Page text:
“Spare his life, I mean. I don’t like the taste of

time:2023-12-06 12:51:51source:Song and dance networkauthor:year

Then the King looked on him and knew him at once, and stood up at once with a glad cry, and came round unto him, and took his arms about him and kissed him, and led him into the high-seat, and set him betwixt him and Goldilind, and she also greeted him and took him by the hand and kissed him; and Jack of the Tofts, now a very old man, but yet hale and stark, who sat on the left hand of the King, leaned toward him and kissed him and blessed him; for lo! it was David of the Tofts.

“Spare his life, I mean. I don’t like the taste of

Spake he now and said: "Christopher, this is now a happy day!"

“Spare his life, I mean. I don’t like the taste of

Said the King: "David, whither away hence, and what is thine heart set upon?"

“Spare his life, I mean. I don’t like the taste of

"On the renewal of our youth," said David, "and the abiding with thee. By my will no further will I go than this thine house. How sayest thou?"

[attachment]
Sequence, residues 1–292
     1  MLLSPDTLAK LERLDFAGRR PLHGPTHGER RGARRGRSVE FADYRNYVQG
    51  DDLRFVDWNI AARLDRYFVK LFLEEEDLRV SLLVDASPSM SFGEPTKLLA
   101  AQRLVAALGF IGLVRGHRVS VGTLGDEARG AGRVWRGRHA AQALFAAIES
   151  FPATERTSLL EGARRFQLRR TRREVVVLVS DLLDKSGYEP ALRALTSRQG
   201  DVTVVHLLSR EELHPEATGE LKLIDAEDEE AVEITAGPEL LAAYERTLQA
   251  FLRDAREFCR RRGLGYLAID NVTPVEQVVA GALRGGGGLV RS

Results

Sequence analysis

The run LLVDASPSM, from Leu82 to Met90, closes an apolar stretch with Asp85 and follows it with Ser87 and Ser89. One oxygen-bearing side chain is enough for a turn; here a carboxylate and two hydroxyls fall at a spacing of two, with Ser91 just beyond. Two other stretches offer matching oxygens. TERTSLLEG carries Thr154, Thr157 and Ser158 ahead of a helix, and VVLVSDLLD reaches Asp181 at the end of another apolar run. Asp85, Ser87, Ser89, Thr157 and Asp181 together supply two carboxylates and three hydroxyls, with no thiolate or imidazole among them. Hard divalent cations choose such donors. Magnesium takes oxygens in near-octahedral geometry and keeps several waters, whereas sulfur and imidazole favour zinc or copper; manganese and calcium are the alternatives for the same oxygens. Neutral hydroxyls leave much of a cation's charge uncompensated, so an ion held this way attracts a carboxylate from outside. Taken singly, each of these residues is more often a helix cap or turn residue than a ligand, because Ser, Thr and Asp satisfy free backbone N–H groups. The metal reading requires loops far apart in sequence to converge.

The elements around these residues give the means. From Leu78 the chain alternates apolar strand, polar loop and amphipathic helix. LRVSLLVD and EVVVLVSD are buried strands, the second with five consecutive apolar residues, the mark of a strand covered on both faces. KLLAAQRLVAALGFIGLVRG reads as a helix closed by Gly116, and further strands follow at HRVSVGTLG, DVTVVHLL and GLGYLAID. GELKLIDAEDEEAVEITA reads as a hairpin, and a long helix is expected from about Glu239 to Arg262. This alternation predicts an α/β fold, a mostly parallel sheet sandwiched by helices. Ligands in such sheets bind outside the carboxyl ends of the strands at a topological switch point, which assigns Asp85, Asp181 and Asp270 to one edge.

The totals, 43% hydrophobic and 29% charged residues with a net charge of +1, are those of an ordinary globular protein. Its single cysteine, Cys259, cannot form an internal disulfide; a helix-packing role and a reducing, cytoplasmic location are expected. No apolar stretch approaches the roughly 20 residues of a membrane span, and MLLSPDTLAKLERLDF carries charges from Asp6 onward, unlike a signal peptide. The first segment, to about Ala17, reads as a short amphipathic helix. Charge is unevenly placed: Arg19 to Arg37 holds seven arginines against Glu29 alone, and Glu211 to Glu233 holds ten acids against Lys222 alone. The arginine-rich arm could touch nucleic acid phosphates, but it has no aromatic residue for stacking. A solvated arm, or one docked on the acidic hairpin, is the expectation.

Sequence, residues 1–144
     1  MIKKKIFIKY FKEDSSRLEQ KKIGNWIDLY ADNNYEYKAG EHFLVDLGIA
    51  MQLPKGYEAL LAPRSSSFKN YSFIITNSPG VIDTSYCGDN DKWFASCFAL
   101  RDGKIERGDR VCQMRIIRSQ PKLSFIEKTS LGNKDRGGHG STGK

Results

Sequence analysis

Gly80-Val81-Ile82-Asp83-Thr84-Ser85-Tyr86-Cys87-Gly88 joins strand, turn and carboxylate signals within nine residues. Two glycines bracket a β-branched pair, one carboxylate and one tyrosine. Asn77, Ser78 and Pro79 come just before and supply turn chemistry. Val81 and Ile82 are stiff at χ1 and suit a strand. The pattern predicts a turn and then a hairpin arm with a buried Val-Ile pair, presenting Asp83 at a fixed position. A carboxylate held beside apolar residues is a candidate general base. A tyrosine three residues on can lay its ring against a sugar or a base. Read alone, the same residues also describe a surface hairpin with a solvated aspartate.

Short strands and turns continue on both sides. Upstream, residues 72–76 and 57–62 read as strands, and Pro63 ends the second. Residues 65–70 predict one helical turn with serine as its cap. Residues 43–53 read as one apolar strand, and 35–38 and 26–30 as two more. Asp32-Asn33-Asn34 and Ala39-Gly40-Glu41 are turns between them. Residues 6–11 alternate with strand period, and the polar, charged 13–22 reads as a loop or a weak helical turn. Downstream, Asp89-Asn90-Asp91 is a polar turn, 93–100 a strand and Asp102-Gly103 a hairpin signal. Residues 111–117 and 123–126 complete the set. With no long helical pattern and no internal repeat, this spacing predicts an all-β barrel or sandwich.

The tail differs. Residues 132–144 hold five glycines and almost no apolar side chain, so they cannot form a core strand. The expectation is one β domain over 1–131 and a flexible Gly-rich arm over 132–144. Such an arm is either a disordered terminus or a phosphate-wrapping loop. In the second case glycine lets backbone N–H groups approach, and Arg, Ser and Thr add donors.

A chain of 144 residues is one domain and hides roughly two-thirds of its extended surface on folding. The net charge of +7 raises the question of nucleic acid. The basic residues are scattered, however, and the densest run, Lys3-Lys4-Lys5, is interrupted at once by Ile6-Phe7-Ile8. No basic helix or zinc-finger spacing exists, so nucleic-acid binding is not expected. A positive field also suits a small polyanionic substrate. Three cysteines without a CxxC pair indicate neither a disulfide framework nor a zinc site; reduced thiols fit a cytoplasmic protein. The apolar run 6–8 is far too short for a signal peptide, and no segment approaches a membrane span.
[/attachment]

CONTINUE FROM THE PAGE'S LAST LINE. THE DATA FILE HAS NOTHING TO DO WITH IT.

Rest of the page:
"As thou dost," said Christopher, "that this is indeed a happy day; drink out of my cup now, to our abiding together, and the end of sundering till the last cometh."

So they drank together, they two, and were happy amidst the folk of the hall; and at last the King stood up and spake aloud, and did all to wit that this was his friend and fellow of the old days; and he told of his doughty deeds, whereof he had heard many a tale, and treasured them in his heart while they were apart, and he bade men honour him, all such as would be his friends. And all men rejoiced at the coming of this doughty man and the friend of the King.

So there abode David, holden in all honour, and in great love of Child Christopher and Goldilind; and when his father died, his earldom did the King give to David his friend, who never sundered from him again, but was with him in peace and in war, in joy and in sorrow.

GOES the tale back now to the time when the kingship of Child Christopher was scarce more than one month old; and tells that as the King sat with his Queen in the cool of his garden on a morning of August, there came to him a swain of service, who did him to wit that an outland lord was come, and would see him and give him a message.

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